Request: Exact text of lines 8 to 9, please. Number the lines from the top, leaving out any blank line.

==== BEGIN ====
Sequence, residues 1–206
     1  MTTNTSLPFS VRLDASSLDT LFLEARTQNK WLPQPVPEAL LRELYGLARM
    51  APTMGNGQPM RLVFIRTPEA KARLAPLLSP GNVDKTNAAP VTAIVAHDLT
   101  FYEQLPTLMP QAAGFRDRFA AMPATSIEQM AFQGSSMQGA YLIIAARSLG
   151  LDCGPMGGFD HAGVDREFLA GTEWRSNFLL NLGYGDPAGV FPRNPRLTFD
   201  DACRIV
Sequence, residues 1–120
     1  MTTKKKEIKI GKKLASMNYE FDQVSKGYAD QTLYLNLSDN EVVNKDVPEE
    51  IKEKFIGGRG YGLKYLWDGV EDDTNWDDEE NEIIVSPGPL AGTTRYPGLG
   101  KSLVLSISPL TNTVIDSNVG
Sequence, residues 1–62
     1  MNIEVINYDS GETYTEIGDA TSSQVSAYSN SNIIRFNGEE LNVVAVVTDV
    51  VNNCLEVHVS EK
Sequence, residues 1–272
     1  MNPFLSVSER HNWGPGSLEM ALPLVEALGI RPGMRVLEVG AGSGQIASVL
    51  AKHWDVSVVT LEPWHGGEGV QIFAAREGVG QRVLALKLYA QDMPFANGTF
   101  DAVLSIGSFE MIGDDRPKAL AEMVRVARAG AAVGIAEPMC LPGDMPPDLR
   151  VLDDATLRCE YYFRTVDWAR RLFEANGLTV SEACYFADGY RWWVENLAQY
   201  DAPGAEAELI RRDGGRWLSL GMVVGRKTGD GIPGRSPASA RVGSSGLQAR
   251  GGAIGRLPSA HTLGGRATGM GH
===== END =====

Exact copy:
     1  MTTKKKEIKI GKKLASMNYE FDQVSKGYAD QTLYLNLSDN EVVNKDVPEE
    51  IKEKFIGGRG YGLKYLWDGV EDDTNWDDEE NEIIVSPGPL AGTTRYPGLG